If you want to become a firefighter, the first thing to understand is that it isn’t easy. There’s a lot of school required nowadays, and it can take several years to get there. But there are some things to know that’ll make the process easier. Here to talk about them is Chris Baker. Chris has over thirteen years of experience in volunteer, combination, and career fire departments in California. He instructs on fire and EMS topics in college classes. You can hear him on his own podcast, The...


The Great Helmet Debate with Jerry Helm

The battle over the traditional fire helmet and what I’ll call the Eurohelmet is growing as some U.S. departments make the switch.It’s hard to nail down exactly why firefighters are unhappy about wearing the new helmets. They’re safer. They weigh less. And they offer better eye protection. The older style is undoubtedly iconic. But is that a reason to keep wearing them? Here to explain why his department chose the Eurostyle helmets is Jerry Helm. Jerry is a training and recruitment captain...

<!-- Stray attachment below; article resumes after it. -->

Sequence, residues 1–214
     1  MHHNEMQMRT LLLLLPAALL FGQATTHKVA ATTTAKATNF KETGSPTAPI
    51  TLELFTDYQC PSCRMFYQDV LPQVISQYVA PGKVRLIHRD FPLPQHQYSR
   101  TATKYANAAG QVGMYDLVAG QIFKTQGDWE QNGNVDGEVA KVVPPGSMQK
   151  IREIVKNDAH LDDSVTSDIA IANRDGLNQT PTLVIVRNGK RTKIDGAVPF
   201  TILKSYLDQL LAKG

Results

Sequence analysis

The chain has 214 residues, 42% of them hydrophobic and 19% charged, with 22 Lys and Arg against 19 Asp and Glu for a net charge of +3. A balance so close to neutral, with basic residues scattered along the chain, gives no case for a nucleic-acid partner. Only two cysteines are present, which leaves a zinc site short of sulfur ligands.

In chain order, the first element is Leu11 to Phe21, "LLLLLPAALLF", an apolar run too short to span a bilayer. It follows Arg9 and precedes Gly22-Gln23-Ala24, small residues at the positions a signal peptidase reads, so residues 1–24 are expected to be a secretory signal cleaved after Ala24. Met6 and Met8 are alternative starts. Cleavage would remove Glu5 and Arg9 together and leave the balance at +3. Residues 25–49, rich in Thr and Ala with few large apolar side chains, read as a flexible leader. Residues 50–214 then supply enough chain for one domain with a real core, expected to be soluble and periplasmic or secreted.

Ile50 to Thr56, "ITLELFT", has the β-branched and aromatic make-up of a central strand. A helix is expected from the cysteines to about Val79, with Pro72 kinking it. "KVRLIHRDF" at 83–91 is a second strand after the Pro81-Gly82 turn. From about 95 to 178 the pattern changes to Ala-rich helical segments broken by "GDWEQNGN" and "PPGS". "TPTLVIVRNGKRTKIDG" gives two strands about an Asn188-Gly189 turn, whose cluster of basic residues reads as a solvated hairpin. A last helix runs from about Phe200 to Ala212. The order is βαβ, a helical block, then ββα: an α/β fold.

Swiftwater Rescues in the Desert with Kevin Keith

Swiftwater rescues are among the most dangerous that you will face. That may sound obvious, but some departments that haven’t seen many swiftwater incidents have been taken by surprise. Out west, we have unique situations where dry riverbeds or washes accumulate trash and broken branches for months before they turn into raging rivers during the wet seasons. But no matter where you work, there are some principles of water rescue that simply should not be ignored or downplayed. Here to talk...


How to Deliver a Great Roof Report with Gibby Gorman

When you go to the roof, what do you include when you make your report on " conditions? Right. Every department’s truckies report something different, depending on SOPs. Sometimes, there’s even a difference between truck companies. Thing is, the truck company officer is in an excellent position to give the IC a better size-up on the fire…as long as he makes a complete report. Here to explain what should be reported and why is Gibby Gorman. Gibby has over 30 years of experience in the fire...


Fighting Fires in Self-Storage Facilities with James Kirsch